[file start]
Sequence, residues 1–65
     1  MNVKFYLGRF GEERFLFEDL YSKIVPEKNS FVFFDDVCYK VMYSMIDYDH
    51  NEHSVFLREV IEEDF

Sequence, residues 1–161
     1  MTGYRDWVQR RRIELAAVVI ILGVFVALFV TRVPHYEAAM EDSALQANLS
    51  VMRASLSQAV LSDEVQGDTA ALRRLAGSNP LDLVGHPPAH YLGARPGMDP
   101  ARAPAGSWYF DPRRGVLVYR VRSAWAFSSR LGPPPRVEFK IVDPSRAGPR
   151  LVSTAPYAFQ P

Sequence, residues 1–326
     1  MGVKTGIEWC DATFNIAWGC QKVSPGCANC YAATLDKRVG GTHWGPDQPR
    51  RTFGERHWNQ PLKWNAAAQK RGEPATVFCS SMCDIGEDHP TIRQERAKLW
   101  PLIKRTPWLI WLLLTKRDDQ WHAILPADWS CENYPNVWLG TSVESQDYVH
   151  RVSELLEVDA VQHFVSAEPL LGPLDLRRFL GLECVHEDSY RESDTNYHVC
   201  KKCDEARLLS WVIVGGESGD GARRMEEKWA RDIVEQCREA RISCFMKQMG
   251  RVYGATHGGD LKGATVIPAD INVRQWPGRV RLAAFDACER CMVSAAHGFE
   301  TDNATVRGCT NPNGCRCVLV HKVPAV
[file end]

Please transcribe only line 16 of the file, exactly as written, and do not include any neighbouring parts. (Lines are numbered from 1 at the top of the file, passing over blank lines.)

   301  TDNATVRGCT NPNGCRCVLV HKVPAV